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Hesketh sees the folly in All-Star Game’s high stakes

Joe Hesketh hasn’t played a game in 22 years, but he certainly hasn’t lost his passion for baseball. The former big-league pitcher is coaching the 14-under A-Turf Titans, keeping young players in good hands during critical years of development. His team played three games on Sunday while winning the Lancer Classic in Lewiston.

His weekend was well spent, but so was he by the time he returned home around 9 p.m. after a 13-hour day. He caught the end of Madison Bumgarner’s one-hitter against the Diamondbacks, hit the sheets and was back at the field by 8:30 a.m. Monday for the Southtowns Baseball Camp at Lakeshore Little League.

So it’s not as if Hesketh, who played 11 years with Montreal, Atlanta and Boston, stays awake drumming up ways to fix the All-Star Game. But the more he spoke Monday, the more ridiculous it sounded that the midsummer classic determines home-field advantage in the World Series.

“I don’t think the incentive should be laid on the All-Star Game,” Hesketh said. “Somehow or another, they should come up with an equation that works. Let’s take the American League champion and the National League champion. Whoever has the best record during the regular season and the playoffs, they deserve home-field advantage. That’s an incentive. That’s something to shoot for as a player.”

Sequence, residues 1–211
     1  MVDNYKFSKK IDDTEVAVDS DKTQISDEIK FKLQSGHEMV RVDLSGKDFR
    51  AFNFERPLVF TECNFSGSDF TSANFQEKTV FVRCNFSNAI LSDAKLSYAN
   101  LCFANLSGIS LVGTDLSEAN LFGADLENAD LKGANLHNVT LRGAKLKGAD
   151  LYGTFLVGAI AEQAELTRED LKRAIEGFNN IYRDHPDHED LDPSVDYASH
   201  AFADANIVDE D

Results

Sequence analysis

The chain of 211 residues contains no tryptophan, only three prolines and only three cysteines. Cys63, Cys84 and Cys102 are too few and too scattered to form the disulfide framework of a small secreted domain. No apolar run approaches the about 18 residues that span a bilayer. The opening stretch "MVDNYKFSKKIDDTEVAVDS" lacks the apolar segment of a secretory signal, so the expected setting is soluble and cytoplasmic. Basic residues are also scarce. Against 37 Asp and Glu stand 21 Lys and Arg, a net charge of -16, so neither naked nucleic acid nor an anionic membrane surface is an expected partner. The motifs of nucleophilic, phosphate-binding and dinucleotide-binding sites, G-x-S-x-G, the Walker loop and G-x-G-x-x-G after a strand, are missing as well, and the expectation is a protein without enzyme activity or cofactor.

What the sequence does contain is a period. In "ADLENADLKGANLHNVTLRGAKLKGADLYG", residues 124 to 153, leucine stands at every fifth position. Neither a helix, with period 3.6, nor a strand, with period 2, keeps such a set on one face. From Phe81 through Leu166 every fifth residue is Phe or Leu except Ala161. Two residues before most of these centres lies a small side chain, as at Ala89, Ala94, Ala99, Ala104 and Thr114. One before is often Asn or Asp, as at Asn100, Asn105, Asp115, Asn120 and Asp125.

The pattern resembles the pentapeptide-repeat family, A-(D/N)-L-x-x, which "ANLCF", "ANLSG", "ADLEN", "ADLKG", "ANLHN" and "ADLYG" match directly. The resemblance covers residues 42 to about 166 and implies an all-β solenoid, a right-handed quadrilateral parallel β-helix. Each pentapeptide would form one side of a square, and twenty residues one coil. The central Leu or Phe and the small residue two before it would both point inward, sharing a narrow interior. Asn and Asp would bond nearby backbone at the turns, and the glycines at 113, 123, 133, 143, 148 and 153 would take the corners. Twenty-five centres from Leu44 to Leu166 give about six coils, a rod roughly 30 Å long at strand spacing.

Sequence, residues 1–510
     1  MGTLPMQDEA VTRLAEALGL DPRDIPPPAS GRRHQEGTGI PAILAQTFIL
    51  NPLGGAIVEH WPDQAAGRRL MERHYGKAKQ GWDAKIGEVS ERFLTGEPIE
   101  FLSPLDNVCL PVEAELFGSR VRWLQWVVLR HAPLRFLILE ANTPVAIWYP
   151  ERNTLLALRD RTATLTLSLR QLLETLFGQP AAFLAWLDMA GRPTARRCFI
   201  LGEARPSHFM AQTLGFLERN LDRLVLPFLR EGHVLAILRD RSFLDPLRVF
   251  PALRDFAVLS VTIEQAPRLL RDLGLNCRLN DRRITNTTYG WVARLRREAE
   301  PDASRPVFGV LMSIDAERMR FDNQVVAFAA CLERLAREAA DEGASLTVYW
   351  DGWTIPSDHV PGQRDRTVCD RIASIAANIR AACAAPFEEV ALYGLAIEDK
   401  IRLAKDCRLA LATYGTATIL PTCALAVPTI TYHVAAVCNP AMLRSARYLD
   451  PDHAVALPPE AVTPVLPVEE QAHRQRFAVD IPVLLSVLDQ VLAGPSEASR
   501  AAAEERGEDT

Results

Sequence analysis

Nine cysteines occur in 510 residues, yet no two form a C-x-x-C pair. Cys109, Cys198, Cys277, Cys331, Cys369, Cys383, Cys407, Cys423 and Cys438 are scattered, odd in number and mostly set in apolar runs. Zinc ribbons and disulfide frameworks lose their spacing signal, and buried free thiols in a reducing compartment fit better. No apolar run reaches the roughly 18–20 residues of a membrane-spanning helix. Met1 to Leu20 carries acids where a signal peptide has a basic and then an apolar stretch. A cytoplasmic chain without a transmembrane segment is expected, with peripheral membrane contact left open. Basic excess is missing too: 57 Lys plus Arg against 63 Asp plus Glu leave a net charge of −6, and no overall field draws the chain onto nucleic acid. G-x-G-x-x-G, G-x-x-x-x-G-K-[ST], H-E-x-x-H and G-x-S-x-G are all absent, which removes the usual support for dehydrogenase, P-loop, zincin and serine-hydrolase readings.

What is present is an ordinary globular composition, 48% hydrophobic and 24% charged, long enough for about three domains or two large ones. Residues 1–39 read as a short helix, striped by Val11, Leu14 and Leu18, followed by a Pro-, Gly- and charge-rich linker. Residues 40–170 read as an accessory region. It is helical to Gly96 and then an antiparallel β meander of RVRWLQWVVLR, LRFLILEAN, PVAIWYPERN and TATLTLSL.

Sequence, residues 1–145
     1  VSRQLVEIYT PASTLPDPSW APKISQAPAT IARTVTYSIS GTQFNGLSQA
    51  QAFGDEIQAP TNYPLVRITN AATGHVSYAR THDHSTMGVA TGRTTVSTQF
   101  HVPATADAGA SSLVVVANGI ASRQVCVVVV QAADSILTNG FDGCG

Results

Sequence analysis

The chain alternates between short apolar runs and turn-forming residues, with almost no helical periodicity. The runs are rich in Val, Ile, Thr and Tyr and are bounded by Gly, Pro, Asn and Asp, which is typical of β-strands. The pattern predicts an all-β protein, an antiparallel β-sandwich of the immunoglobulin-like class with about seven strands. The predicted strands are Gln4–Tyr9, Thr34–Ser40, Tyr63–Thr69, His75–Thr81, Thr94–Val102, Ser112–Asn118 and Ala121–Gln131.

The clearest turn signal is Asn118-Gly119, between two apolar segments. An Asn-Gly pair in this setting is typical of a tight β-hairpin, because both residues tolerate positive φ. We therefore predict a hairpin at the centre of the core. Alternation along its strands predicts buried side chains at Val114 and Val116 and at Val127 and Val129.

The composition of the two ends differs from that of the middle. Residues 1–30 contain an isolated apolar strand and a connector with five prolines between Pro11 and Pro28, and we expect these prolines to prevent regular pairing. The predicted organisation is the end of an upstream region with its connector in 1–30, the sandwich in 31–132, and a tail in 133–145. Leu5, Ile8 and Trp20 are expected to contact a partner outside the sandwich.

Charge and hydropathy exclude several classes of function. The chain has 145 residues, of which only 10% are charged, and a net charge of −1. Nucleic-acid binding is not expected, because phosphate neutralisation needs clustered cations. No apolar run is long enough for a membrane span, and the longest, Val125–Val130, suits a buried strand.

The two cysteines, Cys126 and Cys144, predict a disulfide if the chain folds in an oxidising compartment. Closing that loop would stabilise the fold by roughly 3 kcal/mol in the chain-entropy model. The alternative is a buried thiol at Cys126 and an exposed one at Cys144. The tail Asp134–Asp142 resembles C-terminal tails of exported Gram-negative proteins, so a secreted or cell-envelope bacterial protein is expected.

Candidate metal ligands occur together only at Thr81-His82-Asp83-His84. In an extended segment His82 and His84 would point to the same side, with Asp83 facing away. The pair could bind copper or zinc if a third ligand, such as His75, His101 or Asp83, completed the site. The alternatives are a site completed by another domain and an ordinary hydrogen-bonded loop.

Finally, someone is making sense.

Long gone are the days in which the NL and AL met for festivities in July with the same intensity they carried into a pennant race. Years ago, they desperately wanted to win and prove which league was better. It came down to pride and was must-see TV before money took over, as it often does.

Hesketh remembered his reaction in 1970 when the All-Star Game ended in the 12th inning. He was 11 years old when Pete Rose barreled into Ray Fosse at home plate, dislodging the ball, not to mention Fosse’s left shoulder, for the winning run. Fourteen years later, Rose and Hesketh were teammates on the Expos.

“Pete didn’t care that it was an All-Star Game,” said Hesketh, who was 10-5 in 1985 before breaking his leg in a collision with Mike Scioscia. “He was thinking, ‘I’m trying to score.’ He wasn’t trying to hurt Ray Fosse. As a young kid watching that, you’re thinking, ‘Wow, now that’s a baseball player.’”

Rose left baseball with 4,256 hits, but that play under those circumstances was a defining moment in his playing career. Times have changed. Baserunners no longer are allowed to plow into fielders protecting bases, in part because there’s too much at stake. Baseball needs its stars, and players are making more money than ever.

In 1970, Willie Mays was baseball’s highest-paid player at $135,000. The minimum salary was $12,000, the average $29,000. Clayton Kershaw currently is the highest-paid player at $32 million, or $197,530 for each of the 162 games. The minimum salary is $507,500 in MLB while the average salary is $4.4 million.

Same game, different world.